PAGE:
Justice in Dante's Inferno: Theme & Quotes

Lesson Transcript
Instructor: Summer Stewart

Summer has taught creative writing and sciences at the college level. She holds an MFA in Creative writing and a B.A.S. in English and Nutrition

Justice in Dante Alighieri's Inferno is an important theme as Dante goes into hell and witnesses the sinners being punished based on crimes committed in life. In this lesson, we will earn about justice as a theme. Updated: 06/19/2022

Justice in Dante's Inferno

Dante journeys deep into the nine circles of hell with Virgil as his guide in Inferno, the first book of Dante Alighieri's The Divine Comedy. Justice is a central theme in the book, which makes sense because hell is where sinners go to pay for those crimes committed in life. In Dante's version of hell, nine circles of hell exist, with each circle being reserved for a certain category of crime. As Dante ventures into hell, we learn that justice is about paying the price for committing sin, and that each sinner gets a punishment based on the sin committed. For example, a murderer may have to suffer in hell by being murdered over and over again in hell. Justice is about restoring balance. In this lesson, we will learn about justice as a theme in Inferno by going over several quotes.

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  • 0:04 Justice in Dante's ''Inferno''
  • 0:54 Sin in Life &…
  • 2:31 Punished by the Same Sin
  • 3:02 Justice Is Painful
  • 4:01 Lesson Summary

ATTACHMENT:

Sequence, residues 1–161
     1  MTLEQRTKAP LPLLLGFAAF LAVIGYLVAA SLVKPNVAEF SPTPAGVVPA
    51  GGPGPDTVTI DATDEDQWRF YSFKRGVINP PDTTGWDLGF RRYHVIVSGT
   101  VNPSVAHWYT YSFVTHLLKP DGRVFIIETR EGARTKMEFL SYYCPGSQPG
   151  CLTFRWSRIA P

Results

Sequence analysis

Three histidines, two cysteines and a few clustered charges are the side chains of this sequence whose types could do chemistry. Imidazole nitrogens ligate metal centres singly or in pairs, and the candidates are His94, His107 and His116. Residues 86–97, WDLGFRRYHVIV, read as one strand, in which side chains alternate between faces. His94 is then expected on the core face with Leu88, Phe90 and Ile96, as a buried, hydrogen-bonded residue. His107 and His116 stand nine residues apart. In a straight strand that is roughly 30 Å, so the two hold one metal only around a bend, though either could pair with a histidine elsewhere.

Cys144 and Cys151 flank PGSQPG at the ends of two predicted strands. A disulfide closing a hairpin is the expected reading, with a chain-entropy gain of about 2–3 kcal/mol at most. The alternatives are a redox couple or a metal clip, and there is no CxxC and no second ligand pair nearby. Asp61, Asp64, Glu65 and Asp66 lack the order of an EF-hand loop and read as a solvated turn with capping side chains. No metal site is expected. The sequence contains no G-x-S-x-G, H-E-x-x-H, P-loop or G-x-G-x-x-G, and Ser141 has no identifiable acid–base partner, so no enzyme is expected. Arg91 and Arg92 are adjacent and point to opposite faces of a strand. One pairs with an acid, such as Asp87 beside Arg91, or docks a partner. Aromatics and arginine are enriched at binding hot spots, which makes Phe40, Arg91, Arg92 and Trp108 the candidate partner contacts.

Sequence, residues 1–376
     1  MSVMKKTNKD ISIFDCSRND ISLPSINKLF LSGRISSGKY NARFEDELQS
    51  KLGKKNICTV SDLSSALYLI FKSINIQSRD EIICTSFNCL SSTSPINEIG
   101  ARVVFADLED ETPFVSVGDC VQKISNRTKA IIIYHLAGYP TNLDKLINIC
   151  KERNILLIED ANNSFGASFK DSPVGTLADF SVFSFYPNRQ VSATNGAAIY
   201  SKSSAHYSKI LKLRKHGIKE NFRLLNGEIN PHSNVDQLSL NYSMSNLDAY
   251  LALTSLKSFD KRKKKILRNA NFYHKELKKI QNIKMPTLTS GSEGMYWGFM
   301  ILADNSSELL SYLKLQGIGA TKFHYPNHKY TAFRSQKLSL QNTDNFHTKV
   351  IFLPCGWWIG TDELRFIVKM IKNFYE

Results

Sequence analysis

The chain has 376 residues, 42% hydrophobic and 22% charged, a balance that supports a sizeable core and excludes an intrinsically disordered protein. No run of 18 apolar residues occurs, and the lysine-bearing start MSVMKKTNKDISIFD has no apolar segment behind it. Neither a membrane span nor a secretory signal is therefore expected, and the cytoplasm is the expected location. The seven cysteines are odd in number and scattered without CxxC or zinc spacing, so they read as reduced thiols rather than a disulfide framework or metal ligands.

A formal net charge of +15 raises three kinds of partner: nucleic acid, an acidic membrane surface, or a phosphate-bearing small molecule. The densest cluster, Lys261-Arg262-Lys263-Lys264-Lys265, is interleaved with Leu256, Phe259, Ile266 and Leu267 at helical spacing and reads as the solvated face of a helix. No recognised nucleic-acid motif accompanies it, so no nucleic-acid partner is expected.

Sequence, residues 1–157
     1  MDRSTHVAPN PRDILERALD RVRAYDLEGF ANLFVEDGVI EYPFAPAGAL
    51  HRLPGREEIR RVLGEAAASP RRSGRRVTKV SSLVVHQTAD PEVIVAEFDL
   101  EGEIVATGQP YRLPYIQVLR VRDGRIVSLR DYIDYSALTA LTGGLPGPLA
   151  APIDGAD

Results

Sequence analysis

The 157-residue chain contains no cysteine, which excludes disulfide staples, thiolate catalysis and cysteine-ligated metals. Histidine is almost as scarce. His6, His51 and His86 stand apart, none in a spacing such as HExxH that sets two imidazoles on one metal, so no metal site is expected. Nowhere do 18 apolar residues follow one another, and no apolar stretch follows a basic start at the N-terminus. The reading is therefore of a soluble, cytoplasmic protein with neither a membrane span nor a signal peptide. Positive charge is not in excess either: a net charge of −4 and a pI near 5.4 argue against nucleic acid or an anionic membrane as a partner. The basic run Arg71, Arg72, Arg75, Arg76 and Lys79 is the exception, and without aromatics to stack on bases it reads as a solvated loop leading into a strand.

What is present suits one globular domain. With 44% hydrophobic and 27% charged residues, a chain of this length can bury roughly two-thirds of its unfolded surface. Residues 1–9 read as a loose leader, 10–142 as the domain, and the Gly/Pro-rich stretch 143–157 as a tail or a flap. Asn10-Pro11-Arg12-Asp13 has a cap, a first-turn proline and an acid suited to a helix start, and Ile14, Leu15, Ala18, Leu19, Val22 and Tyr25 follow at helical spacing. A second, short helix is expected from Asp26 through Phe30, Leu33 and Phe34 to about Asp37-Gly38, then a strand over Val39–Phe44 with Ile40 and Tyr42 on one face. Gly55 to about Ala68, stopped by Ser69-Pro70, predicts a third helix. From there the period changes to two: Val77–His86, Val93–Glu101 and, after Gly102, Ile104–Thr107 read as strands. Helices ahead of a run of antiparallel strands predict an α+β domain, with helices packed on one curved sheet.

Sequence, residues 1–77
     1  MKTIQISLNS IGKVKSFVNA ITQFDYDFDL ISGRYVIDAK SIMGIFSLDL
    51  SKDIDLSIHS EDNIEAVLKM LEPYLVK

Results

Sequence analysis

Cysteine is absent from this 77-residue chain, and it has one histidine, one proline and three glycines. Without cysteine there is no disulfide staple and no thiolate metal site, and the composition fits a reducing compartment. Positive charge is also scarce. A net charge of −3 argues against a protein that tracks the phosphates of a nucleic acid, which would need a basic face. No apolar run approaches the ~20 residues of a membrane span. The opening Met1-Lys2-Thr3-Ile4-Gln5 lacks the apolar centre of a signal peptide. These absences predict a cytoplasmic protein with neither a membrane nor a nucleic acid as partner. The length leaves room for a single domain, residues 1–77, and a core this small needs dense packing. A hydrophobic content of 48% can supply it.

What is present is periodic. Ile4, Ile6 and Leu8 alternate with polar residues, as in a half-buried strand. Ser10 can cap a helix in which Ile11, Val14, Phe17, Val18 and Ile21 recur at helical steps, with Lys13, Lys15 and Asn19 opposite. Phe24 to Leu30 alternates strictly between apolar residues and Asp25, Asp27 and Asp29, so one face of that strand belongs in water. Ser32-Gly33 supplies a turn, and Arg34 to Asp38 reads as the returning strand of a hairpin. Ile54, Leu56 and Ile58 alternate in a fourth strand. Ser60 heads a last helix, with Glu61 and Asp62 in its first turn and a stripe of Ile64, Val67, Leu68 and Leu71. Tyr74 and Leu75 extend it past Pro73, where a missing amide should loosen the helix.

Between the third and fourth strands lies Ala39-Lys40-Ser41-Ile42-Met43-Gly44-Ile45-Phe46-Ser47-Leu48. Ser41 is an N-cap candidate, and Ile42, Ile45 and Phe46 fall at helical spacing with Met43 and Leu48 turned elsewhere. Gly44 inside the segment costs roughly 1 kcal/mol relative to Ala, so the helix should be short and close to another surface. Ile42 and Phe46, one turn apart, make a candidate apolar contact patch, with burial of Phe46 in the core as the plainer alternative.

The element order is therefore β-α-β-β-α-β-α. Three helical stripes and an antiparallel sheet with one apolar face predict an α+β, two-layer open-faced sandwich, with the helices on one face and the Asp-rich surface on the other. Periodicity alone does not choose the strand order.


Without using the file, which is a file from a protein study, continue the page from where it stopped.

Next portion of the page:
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Sin in Life & Punishment in Death

Dante talks a lot about contrapasso, which translates to ''counter-penalty.'' The idea is that every crime must be paid for with a fee or penalty. Pier della Vigna was a poet who committed suicide in 1249 after being imprisoned for something he didn't do. His death was gruesome; his eyes were ripped out by prison guards, and afterwards, he slammed his head against the cell wall until he died. Dante and Virgil meet Pier della Vigna in the seventh circle of hell where violent offenders are condemned for eternity. When Dante comes upon him, he learns that people who committed suicide are punished by being stuck in one place forever as a plant.

Pier della Vigna tells Dante, ''When the savage spirit quits/the body from which it has torn itself,/then Minos sends it to the seventh maw/. . . It rises as a sapling, a wild plant;/and then the Harpies, feeding on its leaves,/cause pain and for that pain provide a vent./Like other souls, we shall seek out the flesh/ that we have left, but none of us shall wear it;/it's not right for any man to have/what he himself has cast aside. We'll drag/our bodies here, they'll hang in this sad wood,/each on the stump of its vindictive shade.''

Sadly, for people who commit suicide, justice is served by planting them in one spot forever, and when God reunites them with their bodies, he puts them where they can be seen but never reached. This is the punishment for not taking care of the body in life. Justice is served by restoring balance; it possesses an ''eye for an eye'' mentality.

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